My Mamaw died this morning. Peacefully, it seems, and many years later than we expected. She had been in assisted living and then at a nursing home for I forget how many years now, living with dementia. I was never close to her, and my memories of her are split between pleasant and unpleasant. If I had known this word as a child, I would have described her as brusque. When I saw her last in May, she didn’t know who I was or who my mom was, but we expected that.

My Mamaw died this morning and I don’t know how I feel about it. Or how I should feel. The truth is that my life will go on exactly the same as it has the past many years. Nothing has changed. Except that the whole world has shifted a little, or tilted. Like it did last summer when my uncle Max, Mamaw’s oldest son, died. No one told her; she would not have known who he was. In less than a year, the fabric of my life has contracted twice. My family has quietly shrunk.

And I’m in Georgia, a thousand miles away, unsure of how to feel or whether I can afford the time to go home for the funeral, or whether I can afford not to go. I didn’t make it home for Uncle Max this summer, and I have wished often that I could have made a different choice. Either way, life will not wait patiently on pause while I work out how I feel, and what I should feel, and deal with maybe a little guilt over not being able to say with any certainty that I am sad. I still have to grade papers. I still have to prep to teach my class. I still have to read for exams. I still have to show up.

And I don’t know what to say, either. I tried to write a Facebook post, but it seemed weird and wrong somehow to say, “My Mamaw died and I don’t know how to feel.” It seemed impossible to reduce into a status update her moment of passing and my emotional stasis. So I came here instead, I suppose hoping that more words would make things more clear, or easier, or comprehensible, or something. I’m not sure it has.

There are two memories of my Mamaw that I have cherished for years.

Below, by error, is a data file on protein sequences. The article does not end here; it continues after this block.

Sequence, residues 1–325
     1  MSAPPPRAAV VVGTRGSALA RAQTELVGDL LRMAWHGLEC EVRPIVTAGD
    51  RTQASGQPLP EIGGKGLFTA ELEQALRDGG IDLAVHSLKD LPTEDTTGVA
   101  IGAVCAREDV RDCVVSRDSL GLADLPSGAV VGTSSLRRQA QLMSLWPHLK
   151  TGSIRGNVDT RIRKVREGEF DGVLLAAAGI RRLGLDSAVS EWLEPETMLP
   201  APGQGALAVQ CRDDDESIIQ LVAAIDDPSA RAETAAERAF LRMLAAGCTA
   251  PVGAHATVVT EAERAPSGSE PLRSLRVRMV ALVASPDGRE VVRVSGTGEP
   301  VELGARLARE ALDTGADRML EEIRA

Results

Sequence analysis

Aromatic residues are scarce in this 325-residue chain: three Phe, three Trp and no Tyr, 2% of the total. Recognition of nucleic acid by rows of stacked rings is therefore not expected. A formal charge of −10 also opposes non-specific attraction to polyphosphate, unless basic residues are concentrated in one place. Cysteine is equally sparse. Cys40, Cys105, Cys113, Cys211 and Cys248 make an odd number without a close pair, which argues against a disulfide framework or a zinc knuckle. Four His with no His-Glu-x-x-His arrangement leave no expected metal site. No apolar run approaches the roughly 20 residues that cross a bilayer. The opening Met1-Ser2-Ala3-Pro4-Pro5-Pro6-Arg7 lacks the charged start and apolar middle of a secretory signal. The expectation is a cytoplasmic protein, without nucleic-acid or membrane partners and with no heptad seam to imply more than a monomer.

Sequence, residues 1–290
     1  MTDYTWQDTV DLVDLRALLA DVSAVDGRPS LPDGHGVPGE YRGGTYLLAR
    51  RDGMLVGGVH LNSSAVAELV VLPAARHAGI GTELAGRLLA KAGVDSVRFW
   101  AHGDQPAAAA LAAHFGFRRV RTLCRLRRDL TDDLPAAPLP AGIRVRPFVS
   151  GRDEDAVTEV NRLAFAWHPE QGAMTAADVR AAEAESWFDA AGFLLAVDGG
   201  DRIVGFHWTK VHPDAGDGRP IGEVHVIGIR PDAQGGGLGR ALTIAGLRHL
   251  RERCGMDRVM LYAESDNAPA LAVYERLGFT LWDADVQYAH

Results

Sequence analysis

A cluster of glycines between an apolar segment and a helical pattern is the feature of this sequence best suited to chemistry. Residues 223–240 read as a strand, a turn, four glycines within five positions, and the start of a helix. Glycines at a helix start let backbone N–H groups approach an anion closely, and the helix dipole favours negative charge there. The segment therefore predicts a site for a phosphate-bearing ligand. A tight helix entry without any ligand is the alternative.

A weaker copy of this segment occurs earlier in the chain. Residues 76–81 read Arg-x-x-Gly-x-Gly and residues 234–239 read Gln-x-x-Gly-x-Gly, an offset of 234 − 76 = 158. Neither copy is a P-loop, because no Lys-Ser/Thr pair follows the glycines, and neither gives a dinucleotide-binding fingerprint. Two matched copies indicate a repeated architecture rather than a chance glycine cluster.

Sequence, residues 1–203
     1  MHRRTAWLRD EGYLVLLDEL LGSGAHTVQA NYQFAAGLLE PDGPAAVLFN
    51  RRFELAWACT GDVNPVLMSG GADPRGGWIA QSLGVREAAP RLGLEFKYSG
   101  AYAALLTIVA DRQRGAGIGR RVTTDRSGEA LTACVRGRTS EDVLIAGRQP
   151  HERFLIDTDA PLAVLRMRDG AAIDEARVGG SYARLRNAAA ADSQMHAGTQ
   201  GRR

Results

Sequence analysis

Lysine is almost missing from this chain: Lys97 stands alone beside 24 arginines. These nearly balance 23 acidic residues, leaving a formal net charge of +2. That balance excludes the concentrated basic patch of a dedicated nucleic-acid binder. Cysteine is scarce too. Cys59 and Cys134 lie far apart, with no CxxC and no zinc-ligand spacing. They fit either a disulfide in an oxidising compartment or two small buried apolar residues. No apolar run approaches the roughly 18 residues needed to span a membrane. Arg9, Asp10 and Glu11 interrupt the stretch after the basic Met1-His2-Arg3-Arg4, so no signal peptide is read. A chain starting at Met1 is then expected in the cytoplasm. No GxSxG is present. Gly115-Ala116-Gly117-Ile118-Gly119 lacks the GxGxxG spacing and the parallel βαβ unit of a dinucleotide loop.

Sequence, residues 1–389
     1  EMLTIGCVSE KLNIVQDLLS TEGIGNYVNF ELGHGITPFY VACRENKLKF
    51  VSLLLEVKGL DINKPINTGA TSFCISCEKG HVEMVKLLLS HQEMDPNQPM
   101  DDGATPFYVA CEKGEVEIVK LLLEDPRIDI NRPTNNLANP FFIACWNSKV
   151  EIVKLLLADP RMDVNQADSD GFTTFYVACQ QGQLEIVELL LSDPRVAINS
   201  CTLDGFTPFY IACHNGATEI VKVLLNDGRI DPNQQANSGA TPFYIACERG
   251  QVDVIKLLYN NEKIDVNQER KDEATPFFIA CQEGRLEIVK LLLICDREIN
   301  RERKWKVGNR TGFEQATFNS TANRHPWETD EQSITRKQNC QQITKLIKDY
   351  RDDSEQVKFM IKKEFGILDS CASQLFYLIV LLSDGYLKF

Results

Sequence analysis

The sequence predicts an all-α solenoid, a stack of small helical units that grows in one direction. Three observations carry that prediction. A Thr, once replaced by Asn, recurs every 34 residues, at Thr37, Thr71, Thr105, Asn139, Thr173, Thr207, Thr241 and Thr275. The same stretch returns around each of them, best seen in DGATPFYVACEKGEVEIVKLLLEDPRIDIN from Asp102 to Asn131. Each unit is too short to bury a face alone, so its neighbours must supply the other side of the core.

The first was after I got my first horse, Tigger. Mom sent Mamaw a photo in the mail, and the next time we came to visit, Tigger’s photo was up on Mamaw’s refrigerator. It wasn’t much, but at that time, nothing in the world was more important to me that that horse, and it meant a lot to me that Mamaw cared about him too. I felt like she was proud of me.

The second happened sometime when I was in college. We were in Midland visiting, and Mamaw was asking me about college. She sat in her floral-upholstered easy chair, the one that had been in the same place in her living room as far back as I could remember, which sat even then next to the empty, gray chair that had been my Grandad’s. She listened to me talk about school. And then she announced that she had gotten a full scholarship to college when she graduated high school, but she didn’t go. “That’s when I met your grandad,” she said. And then, with a faraway look in her eyes and a slight, secretive smile playing at her lips, she quietly declared, “He was my Waterloo.” It was the only time I remember hearing her speak of her youth (she wasn’t much for story-telling), and it was the only glimpse I ever had into her life beyond what I knew of it through my own experience. It felt like a gift. It still does.

And one more memory, from my visit with her in May. My mom and I were talking to her, trying to explain who we were, and my mom said that I had come all the way from Georgia to Texas to see her. She looked at us and said, “I wish I was in Texas.” Mom said, “You are. This nursing home is in Texas,” to which Mamaw simply said, “No.” We let it go and laughed about it later. I’m thinking about that now, as I’m also wishing that I were in Texas and not so very far away from my family.



5 thoughts on “Mamaw

  1. Shanna:
    I think everyone processes grief uniquely, so I won’t be so bold as to tell you what to do. But, I will say that if there really is part of you saying, “go”, I would listen to it. I know how demanding and inflexible work obligations can seem, but you may be surprised how much accommodation you find when you force work to submit to life instead of the other way around. It won’t be easy, but it will be possible.
    Finally, I’ve also learned recently that talking to others who knew the person you lost can provide unexpected insight that you didn’t realize you needed.
    Praying for you!

  2. It is hard to know how you should feel when someone dies. That is especially true when it is someone that was once, or seemingly should be, important to you, whether friend or relative.

    An important thing is to hold onto is whatever memories that you have. In this case, that is all you have had for a while. Your Mamaw has been gone for a long time, it seemed that only her body remained.

    In trying to decide what you should prioritize regarding the funeral, my best advice is to decide with your heart. And then refuse to think about it again.

  3. Well said. We all have people – family- in our lives that we sense we should feel close to, but for whatever reason we don’t. I’ve heard it said that funerals are for the living, not the dead. If you do go, go to reconnect with your living relatives. In doing so, I think you will also bring honor and respect to your Mamaw and other family members who have ‘gone on before’.

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